What to Look for in the Store if I Want a Beef Brisket


Brisket is a challenging but rewarding cut, as tough as old leather in its native condition but a rich and flavorful meal when properly prepared. It's come to be a rite of passage for many cooks, symbolic of their transition from novice to skilled handler of utensils and ingredients. Brisket is packaged and sold in many different forms, so it's helpful to know what you're looking for when you head to the store.

What It Is

  • The brisket is part of a group of muscles that form the chest and abdomen of a cow. It also includes flank steaks, commonly used for London broil, and the flat "plate" muscle used for corned beef. The brisket itself is the steer's chest muscles, two relatively large pieces of tough, stringy flesh that cross each other at an angle. It is sometimes sold whole, but in most parts of the country you're more likely to see it cut and trimmed for retail sale.

The Packer's Cut

  • If you live in an area where barbecue ranks somewhere between an obsession and a religion, you might be able to find whole, untrimmed briskets. This is called a "packer's cut" brisket, or sometimes just a "packer." They're seldom in the showcase because of their size, which can be up to 16 pounds. If you want to buy one you'll need to ask your butcher. They're normally sold in airtight cryogenic packages, with up to an inch of fat protecting the meat. If you're going to barbecue the meat you'll want to leave most of that in place, to protect the brisket from drying out. If you're braising or slow-roasting the brisket, you can trim it.

The Point

  • The point is the smaller of the two muscles that make up the brisket, and it's easier for inexperienced cooks to work with. It's better-marbled, more tender -- although that's a relative measure with brisket -- and thinner than the flat. A whole point muscle is large and triangular, thicker at the side and tapering toward the angle of the triangle. It's sometimes cut in half for retail sale. The point can become tender after as little as two to three hours' braising, or three to four of slow roasting.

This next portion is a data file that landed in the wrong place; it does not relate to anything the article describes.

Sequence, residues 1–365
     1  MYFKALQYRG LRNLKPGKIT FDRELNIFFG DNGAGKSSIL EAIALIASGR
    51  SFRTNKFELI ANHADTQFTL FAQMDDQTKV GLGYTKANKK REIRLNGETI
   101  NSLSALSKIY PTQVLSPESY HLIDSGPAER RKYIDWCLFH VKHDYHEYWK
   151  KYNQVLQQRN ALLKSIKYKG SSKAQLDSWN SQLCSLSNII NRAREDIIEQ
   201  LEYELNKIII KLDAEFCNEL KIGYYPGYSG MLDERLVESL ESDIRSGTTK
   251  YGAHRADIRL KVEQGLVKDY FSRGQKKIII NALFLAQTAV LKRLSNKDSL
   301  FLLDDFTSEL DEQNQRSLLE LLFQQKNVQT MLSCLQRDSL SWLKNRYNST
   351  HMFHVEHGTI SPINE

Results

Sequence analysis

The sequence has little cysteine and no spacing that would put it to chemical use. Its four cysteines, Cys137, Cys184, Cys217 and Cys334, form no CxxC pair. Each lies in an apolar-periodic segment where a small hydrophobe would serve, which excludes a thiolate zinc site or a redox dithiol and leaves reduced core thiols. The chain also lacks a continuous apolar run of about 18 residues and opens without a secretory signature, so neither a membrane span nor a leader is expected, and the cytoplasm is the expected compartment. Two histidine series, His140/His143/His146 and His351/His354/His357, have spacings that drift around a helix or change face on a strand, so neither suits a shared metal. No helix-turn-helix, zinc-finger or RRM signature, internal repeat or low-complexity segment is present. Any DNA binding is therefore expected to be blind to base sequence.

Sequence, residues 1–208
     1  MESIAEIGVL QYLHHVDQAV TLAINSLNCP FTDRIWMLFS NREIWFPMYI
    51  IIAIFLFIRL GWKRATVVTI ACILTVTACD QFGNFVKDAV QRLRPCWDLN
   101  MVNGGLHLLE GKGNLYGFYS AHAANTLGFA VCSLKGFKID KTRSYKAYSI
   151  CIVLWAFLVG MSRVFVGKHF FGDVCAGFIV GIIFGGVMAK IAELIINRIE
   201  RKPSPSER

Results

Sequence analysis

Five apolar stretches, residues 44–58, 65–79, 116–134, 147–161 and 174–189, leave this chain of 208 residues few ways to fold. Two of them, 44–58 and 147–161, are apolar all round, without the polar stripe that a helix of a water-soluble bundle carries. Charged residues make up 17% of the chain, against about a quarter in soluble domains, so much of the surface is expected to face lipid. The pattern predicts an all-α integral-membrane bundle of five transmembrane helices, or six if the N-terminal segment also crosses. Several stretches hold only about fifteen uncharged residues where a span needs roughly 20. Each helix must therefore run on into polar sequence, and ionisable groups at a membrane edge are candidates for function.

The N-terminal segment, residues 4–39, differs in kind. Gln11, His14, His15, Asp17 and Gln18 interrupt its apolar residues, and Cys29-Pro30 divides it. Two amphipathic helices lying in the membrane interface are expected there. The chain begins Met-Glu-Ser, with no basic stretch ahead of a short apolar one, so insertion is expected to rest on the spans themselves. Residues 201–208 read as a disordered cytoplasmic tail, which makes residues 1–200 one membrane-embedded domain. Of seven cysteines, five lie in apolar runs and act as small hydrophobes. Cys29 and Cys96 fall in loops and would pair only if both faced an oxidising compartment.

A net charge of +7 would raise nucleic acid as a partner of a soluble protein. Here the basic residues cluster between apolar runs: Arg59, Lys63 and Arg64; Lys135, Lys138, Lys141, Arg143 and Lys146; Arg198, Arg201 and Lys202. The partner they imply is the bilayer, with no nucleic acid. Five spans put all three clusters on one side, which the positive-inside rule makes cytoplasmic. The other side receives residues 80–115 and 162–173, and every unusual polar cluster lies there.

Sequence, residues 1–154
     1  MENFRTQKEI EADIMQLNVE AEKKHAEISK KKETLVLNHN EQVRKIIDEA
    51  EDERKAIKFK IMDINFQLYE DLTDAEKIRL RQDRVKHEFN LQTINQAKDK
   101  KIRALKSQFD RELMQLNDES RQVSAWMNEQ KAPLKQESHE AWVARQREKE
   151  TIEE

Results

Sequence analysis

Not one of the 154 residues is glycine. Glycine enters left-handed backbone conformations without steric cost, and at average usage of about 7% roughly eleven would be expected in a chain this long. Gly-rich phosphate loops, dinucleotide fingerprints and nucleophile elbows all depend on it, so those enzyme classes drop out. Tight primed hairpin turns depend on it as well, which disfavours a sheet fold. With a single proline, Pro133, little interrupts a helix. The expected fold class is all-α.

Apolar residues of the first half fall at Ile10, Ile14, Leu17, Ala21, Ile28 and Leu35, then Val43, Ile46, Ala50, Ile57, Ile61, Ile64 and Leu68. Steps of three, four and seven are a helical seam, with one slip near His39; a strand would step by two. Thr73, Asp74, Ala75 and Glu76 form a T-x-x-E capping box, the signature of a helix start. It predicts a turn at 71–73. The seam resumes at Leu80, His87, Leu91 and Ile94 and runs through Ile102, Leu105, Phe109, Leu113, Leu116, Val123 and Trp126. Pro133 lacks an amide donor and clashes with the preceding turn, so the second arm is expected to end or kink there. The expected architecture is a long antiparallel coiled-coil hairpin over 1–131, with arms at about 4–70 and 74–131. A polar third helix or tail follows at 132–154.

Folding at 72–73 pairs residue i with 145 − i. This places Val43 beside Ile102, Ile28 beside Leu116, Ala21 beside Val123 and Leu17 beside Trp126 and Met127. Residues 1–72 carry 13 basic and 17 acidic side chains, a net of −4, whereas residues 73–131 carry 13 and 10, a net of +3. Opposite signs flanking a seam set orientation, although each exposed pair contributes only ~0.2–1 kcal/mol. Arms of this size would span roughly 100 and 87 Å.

The Flat

  • The flat is larger and tougher than the point, forming a slab up to five inches thick at one end and tapering to approximately two inches at the other. It has little marbling, but is surrounded by a thin layer of fat that protects it during cooking and separates it from the point. It's usually sold in pieces because of its size. You'll know pieces of the flat because of their rectangular shape and long grain when they're cut.

Mixed Cuts

  • In many supermarkets or butcher's shops you'll often see portions of brisket ranging from two or three pounds to five or seven. These are often cut directly from the full packer's brisket, trimmed of fat but containing a portion of both the flat and the point. You can recognize these easily by looking at the cut edge. If you see two distinct muscles running in different directions, you've both point and flat on your brisket. The simplest technique is to cook them together until fork-tender, then separate the point portion from the flat for carving. This way you can carve each portion across the grain, making it more tender, and easier to eat.

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